Food, Beverage and Manufacturing Companies Face New Risks Due to COVID-19 Contagion

How Manufacturers Can Lower Risk in the Midst of COVID-19

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Reading Time: 2 minutesThe effects of the Coronavirus pandemic are far from over.  Though most Manufacturing Companies are in the midst of a gradual return to the workplace, they continue to face risks from further outbreaks. Supply chain partners, investors, and other stakeholders are watching carefully to ensure that when businesses do reopen, they manage employee safety and business risk. Many agricultural, food and beverage processors were already under scrutiny for workforce protections. But COVID-19 has focused further attention on employee retention and safety procedures, at whatever cost. “The reality is harsh.  We have a manufacturing client whose employee reported to work with a 102 degree fever.  He desperately needed the money to feed and support his family, and felt there was no other option,” says Bryce Gibbs, partner at K·Coe Isom.  “Many employees need the work to survive.  However, this puts businesses at incredible risk, as they could be taking the hit in the longer term via a rise in workers compensation claims and increased costs – or even a potential shutdown of operations if the virus spreads.” Manufacturers need to be able to supply product, and most are highly dependent upon employees to deliver the product to end users and customers. “We have learned that when even one small part of the supply chain breaks down, it has the potential to have a huge impact across the entire industry,” notes Gibbs.  To alleviate the risk to employees, and avoid any detrimental or costly effects, K·Coe’s sustainability advisors recommend these three crucial steps right now. 3 Steps for Managing Risk alongside COVID-19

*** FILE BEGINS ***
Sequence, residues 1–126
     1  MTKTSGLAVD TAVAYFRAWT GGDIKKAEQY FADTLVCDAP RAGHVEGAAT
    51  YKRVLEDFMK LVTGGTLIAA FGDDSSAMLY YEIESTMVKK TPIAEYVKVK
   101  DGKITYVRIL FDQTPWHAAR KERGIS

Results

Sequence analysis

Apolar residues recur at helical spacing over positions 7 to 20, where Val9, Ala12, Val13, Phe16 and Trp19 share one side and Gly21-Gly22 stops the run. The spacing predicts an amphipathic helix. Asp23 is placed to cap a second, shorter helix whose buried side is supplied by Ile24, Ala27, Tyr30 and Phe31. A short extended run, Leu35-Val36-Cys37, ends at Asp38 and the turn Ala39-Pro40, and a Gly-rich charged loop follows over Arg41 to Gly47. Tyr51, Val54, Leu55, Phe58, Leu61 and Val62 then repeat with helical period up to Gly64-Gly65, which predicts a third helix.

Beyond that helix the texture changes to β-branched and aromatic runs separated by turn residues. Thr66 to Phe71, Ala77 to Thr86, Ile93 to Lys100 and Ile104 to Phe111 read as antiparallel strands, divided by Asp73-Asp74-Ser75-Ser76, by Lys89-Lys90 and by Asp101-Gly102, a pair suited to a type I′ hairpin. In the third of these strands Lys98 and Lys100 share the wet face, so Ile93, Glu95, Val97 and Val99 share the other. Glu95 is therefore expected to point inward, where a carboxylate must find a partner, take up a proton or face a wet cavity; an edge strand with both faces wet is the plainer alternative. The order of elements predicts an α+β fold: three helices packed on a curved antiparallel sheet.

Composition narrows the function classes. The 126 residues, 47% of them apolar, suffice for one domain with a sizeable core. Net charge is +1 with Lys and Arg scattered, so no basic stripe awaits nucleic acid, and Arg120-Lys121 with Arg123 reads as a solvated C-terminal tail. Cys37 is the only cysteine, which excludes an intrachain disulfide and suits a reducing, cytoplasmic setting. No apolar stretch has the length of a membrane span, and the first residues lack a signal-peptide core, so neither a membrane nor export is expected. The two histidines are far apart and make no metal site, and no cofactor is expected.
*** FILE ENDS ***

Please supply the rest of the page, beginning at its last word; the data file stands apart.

1. Assess your facility’s potential for risk. Measure your current Key Performance Indicators (KPIs) and identify any problems.  Manufacturers should be able to communicate risk to outside investors and customers.
  2. Evaluate readiness to manage risks and make good decisions. Perform a thorough appraisal of your operational performance and whether it is reflecting current risks, and be prepared to mitigate potential risks.
  3. Implement procedures to decrease risks and support employee health. Be proactive with best practices – they should be captured, monitored and measured.
If you’re less than confident in your facility’s preparedness to operate during COVID-19, K·Coe’s business sustainability advisors can provide a comprehensive facility evaluation and risk assessment to ensure your operations get back online, and are managed appropriately.

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